NHTSA: Trend of Lower Traffic Fatalities Continued Last Year

The latest federal statistics on traffic-related deaths showed several conclusions that prove to be good news for motorists, the most major being that highway deaths in 2011 fell to their lowest level in more than six decades.

Last year’s 1.9 percent drop in roadway fatalities is part of a “historic downward trend in recent years” that includes a 26 percent decrease in overall traffic deaths since 2005, according to the National Highway Traffic Safety Administration (NHTSA).

The findings were pulled from the federal Fatality Analysis Reporting System (FARS), which NHTSA announced this week had been updated with recent data.

According to the NHTSA, the FARS system showed a number of encouraging signs in roadway safety, including a drop of 2.5 percent in drunk-driving-related fatalities in 2011 compared with 2010 and the fact that 36 states saw decreases in overall traffic deaths.

“As we look to the future, it will be more important than ever to build on this progress by continuing to tackle head-on issues like seat belt use, drunk driving and driver distraction,” U.S. Transportation Secretary Ray LaHood said in a statement.

Distracted-related crashes yielded a mixed bag of results. The NHTSA reported a 7 percent drop in injuries from distraction-related crashes between 2010 and 2011. However, the number of people killed in distraction-related crashes increased 1.9 percent, although the NHTSA said that “this increase can be attributed in part to increased awareness and reporting” as government agencies have highlighted distracted driving as a public safety hazard in recent years.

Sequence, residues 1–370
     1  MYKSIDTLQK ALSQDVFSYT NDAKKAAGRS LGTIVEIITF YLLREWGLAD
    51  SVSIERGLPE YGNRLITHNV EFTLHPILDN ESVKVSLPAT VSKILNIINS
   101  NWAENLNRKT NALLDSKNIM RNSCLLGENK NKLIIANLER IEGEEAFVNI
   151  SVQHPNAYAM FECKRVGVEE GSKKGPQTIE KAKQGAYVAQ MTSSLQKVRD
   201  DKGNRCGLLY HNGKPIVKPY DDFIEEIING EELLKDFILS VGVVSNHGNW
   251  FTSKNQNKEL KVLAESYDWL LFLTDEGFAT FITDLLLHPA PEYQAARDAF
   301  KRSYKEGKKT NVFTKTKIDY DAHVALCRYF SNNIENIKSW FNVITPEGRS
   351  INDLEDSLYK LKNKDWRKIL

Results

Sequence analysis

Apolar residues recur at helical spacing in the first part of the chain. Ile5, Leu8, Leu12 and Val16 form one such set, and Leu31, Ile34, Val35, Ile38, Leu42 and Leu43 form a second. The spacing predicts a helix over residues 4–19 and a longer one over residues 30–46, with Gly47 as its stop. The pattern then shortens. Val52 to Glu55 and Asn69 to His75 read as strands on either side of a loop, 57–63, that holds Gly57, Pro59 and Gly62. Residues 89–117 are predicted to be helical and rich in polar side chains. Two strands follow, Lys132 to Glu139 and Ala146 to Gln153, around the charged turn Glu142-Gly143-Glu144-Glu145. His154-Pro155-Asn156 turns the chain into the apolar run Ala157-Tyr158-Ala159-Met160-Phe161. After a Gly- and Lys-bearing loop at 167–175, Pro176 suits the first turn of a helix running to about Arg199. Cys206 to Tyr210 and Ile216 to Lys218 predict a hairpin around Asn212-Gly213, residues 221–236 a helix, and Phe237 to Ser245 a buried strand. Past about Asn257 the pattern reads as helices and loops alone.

This year, the NHTSA has published several studies emphasizing a long-term drop in roadway injuries and deaths. A report released in June from the agency showed that safer vehicle designs had contributed to a broad drop in the chance of crashing or dying in a crash. Among the findings was that the instances of being involved and dying in rollovers had dropped and been a major contributor to the overall decrease.

More recently, the NHTSA highlighted the positive impact of electronic stability control (ESC), a technology that helps a driver steer and keep a vehicle level in unstable conditions; rollovers are a type of crash specifically addressed by ESC systems.

The recent NHTSA findings could be the start of a scenario that has auto insurance implications; falling fatality and crash numbers underlay the hypothesis in research firm Celent’s “The End of Auto Insurance: What Happens When There Are (Almost) No Accidents.”

Under the scenario, “insurers see a large reduction in their revenue” that leads to drops in premium rates in a more competitive marketplace.

About John Pirro
John Pirro is a licensed fire and casualty insurance agent specializing in various aspects of the auto insurance industry. He worked in the auto body repair industry before taking a reporting position at Online Auto Insurance News.

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